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Today's Internet: More BRICS Than Westerners

Dave Burstein

55%-60% of landline broadband users are in the "Global South," about 500M. The South is 65%-70% if you include "wireless-only" many of which are 4G LTE at 10 megabits or more (see chart below).

The gap is widening rapidly and will increase by well over 70M in 2018. Six large developing countries grew at 5% or more in the last year, compared to only one in the developed world. China is adding ~30M more each year. Most developed countries are between 75% and 95% connected. That leaves little room for growth (see chart below). The strong majority are not native English speakers or European in ancestry.

The blue dominating the chart is China, with 313M broadband landlines. That's more than three times as many as the U.S., in red. India added 160M 4G subs in the last five quarters.

The developed countries are adding new users slowly if at all. Brazil, Mexico, and Indonesia are less than half connected and can grow at a ferocious rate. Brazil and Africa are flat but will grow again as the economy improves.

I wrote this article when questioned about my comment, "Many Internet users, in my opinion, a majority, believe that decisions about the Internet should not be dominated by the U.S. and allies. (Among those who consider the subject.)"

The U.S. and Western Europe are now only about ~25% of the Internet, a figure well known to experts. China is about 1/3rd of the Internet. India soon will pass the U.S. in users if it hasn't already. Africa as well.

I made a point of saying "in my opinion" because there is no hard data, particularly on the overlap between wireless and wired Internet users in much of the world.

2/3rds of the governments in the world, representing approximately the same % of the world population, identified with the global South in 2012 at the ITU WCIT, which I attended.

What do I mean saying Global North & South?

Since at least 2012, there has been a clear split among nations on how to govern the Internet. The most common terms are the Global North & the Global South, although the split is not precisely geographical. Australia usually votes with the North and Russia with the South. On the State Department ITAC, the parties are referred to as "The Group of 77" versus "us." The BRICS have taken a leadership role, backed by almost all of Africa, Latin America, the Arab World and Asia. Sometimes It's described as "The Developing World" vs. "The Developed World." It's taboo to say "Rich Countries" vs. "Poor Countries."

The essence of the debate is whether the decisions should be made by existing institutions like ICANN, 3GPP, and the giant multinationals ("the market") or by institutions more representative of the world Internet today.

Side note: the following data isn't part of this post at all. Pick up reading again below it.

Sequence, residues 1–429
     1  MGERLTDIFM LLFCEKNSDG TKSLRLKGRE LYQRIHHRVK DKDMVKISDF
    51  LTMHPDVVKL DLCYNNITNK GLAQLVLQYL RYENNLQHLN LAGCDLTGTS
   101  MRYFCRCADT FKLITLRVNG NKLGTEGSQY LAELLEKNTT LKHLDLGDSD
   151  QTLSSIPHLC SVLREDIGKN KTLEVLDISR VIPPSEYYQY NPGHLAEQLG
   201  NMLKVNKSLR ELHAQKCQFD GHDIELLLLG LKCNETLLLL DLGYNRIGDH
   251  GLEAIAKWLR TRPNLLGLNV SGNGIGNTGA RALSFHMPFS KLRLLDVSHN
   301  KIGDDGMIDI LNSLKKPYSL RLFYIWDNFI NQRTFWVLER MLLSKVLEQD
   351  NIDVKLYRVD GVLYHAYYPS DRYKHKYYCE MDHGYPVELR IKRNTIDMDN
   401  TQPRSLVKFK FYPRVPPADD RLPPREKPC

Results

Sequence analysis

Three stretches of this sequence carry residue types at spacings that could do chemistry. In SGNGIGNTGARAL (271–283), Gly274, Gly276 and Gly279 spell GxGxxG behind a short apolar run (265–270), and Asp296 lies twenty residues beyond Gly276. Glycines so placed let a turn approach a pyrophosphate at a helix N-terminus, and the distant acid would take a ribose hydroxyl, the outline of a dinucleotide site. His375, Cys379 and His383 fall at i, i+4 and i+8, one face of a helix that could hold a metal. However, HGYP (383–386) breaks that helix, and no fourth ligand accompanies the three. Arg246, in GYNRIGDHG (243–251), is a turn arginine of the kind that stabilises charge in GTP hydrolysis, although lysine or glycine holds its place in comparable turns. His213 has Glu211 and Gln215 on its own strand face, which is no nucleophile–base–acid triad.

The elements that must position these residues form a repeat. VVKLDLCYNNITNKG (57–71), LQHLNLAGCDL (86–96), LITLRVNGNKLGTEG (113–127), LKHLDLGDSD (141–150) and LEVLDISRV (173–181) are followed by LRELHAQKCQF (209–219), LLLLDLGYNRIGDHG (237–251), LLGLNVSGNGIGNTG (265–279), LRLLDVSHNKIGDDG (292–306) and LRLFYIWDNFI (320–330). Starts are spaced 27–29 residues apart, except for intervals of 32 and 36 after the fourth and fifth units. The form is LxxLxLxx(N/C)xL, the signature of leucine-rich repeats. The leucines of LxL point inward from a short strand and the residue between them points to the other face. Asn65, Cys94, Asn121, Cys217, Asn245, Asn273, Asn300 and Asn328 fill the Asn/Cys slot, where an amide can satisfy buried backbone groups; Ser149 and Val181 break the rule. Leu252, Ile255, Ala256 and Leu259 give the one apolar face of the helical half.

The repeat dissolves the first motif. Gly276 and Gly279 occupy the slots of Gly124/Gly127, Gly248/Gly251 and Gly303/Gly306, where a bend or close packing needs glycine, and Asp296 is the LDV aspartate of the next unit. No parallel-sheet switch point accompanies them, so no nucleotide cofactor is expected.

There is no way to accurately estimate whether the Internet users in each country agree with their government.

My guess is that many of the people in that 2/3rds of the world agree with their governments on this, and hence a majority of the world Internet users. At international events I've attended, the sentiment has often been expressed. I remember sitting with a group of Africans in Dubai. One said, "The Americans, they are so greedy." Heads nodded. But this is anecdotal.

It makes sense for most people in poorer parts of the world to not think things should be dominated by the richer countries, especially the U.S. The giant multinationals, most of which are American, rarely higher locally, evade taxes with remarkable efficiency, and moving an increasing amount of income from poorer countries to their home base.

I think this isn't right. I have a Rawlsian sense of justice. In addition, while the public presentation of the U.S. is freedom and democracy, the actions of the U.S. government are far more mercantile, protecting U.S. corporate interests. I can supply details.

Again, there is no hard data on individual opinions, only on government point of view.

The data below is from Point-Topic, a reliable source, professionally priced. This list of 16 countries is all the nations with 10M landlines or more; including the other 100 countries in Point-Topic, data wouldn't change the conclusion.The first chart in the number of landline connections at the end of September 2017. The second chart if the growth rate. I've separately guessed at the number of "wireless-only" connections, where the data is less firm.

In return for giving me access to the data, I've marked all but the Top 10 countries "North" or "South." The ITU and OECD have freely available data, but Point-Topic is generally more up to date and thoughtful in their numbers.


Originally published in Net Policy News.

By Dave Burstein, Editor, DSL Prime Dave Burstein has edited DSL Prime and written about broadband and Internet TV for a decade. Visit Page
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